First performed in 1892, “The Nutcracker” is a story that has outlasted time. It takes us back to baking cookies for Santa Claus and sleeping under the tree on Christmas Eve. From the ensemble of snowflakes to the beautiful Land of Sweets and the magical powers of Drosselmeyer, the audience is bound to feel the innocence of childhood all over again.
On Saturday, Dec. 7 and 14, and Sunday, Dec. 8 and 15, the Metropolitan Ballet Theatre (MBT) will perform “The Nutcracker” at Montgomery College’s Robert E. Parilla Performing Arts Center.
Ella Rommel, who will be playing a snowflake, the marzipan lead and the soldier doll in MBT’s “The Nutcracker,” described the ballet as “magical. … It doesn’t matter how old you are, if you’re in the audience, it’s going to make you feel like you’re a child again.”
Rommel has danced in MBT’s “The Nutcracker” for the past 12 years. “(Dancing) is just another way of expressing,” she said. “(When you dance), people see you for how you’re dancing and how you love it.”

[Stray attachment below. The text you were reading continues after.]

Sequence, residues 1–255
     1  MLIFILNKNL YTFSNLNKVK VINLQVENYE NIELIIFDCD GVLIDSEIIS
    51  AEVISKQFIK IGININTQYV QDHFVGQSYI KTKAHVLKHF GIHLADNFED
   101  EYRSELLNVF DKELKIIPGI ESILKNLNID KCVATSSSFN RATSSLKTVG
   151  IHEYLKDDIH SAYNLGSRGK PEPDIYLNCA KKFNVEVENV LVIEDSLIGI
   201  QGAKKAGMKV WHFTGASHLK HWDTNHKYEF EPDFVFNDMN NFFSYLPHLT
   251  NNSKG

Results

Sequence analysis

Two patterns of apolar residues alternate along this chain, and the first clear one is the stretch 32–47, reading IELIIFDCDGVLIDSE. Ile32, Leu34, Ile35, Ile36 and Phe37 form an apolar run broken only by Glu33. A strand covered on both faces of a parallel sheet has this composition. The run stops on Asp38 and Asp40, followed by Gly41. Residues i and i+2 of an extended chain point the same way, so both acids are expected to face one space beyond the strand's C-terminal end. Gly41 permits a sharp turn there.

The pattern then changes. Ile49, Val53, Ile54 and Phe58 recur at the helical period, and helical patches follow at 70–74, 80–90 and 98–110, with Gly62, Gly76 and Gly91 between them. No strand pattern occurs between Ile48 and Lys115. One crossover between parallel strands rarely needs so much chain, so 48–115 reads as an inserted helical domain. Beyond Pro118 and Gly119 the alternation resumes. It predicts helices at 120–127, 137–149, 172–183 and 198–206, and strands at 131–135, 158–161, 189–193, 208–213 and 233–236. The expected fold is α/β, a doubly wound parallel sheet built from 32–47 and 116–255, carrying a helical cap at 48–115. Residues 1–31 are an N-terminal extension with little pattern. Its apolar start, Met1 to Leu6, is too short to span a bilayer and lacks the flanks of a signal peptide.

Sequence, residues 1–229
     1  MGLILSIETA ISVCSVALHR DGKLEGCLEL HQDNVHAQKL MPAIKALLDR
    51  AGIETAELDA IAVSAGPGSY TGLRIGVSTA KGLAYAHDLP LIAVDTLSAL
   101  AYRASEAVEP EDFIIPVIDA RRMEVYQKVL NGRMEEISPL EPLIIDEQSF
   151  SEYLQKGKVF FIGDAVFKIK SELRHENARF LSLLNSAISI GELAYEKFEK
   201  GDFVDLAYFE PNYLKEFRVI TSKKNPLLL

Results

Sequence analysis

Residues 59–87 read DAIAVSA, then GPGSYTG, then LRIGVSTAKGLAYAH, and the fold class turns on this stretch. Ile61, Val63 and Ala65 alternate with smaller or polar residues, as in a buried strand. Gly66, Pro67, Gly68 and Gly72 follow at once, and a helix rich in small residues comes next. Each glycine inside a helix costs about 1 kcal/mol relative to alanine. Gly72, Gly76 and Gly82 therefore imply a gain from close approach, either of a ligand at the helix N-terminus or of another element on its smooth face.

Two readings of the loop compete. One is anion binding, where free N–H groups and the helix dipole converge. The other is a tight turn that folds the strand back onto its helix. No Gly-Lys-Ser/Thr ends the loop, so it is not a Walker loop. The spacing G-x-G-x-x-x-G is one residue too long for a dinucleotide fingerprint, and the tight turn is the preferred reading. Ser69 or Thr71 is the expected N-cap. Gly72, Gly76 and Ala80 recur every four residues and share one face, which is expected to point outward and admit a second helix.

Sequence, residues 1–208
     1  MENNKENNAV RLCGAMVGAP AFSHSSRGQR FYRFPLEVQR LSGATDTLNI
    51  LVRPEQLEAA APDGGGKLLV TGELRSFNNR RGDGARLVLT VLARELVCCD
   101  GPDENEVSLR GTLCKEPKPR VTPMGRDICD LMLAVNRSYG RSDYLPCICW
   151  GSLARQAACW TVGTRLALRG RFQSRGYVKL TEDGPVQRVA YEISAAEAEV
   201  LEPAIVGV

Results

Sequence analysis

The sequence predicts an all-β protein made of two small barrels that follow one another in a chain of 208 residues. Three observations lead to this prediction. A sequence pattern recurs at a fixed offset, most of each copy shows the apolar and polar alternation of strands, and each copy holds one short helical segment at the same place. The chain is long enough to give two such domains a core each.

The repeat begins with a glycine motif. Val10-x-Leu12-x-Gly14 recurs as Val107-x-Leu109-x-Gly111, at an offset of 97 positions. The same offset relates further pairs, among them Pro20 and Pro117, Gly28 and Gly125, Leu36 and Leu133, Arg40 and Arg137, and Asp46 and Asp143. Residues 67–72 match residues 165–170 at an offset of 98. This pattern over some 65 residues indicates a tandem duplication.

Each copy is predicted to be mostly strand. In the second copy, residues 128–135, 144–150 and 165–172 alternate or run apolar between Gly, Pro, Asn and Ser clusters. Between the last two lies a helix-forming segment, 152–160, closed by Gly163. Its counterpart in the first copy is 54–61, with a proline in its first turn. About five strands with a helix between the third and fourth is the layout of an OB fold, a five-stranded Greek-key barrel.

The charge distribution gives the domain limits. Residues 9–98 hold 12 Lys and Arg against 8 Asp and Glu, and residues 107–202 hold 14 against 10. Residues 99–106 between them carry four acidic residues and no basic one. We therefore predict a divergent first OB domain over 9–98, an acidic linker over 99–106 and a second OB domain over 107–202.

“The Nutcracker,” written by Alexandre Dumas, set to music by Pyotr Ilyich Tchaikovsky and choreographed by Marius Petipa and and Lev Ivanov, is the tale of a girl swept away by magic. On Christmas Eve, Clara (the prima ballerina) and her family host a party with all of their friends and relatives. Unexpectedly, Clara and brother Fritz’s godfather, Drosselmeyer, appears. He comes bearing magic, making dolls come to life and dance. Drosselmeyer presents Clara with a gift with which she falls in love—a beautifully painted nutcracker.
After seeing Clara’s dazzling gift, Fritz becomes jealous and damages it, and Clara is heartbroken. Not long after, Drosselmeyer comes to the rescue, fixing the nutcracker. At night, Clara, worried for her nutcracker’s safety, decides to check on it. She finds it at the foot of the Christmas tree and falls asleep with it; when she wakes up, she’s in the middle of a savage battle between man and beast … well, mouse and soldier. Clara and the nutcracker work together and defeat the mouse king and his soldiers. Upon defeating the mice, an ancient spell is broken that turns the nutcracker into a prince.
Tickets to MBT’s “The Nutcracker” are being sold online at mbtdance.org and at the door the day of each performance.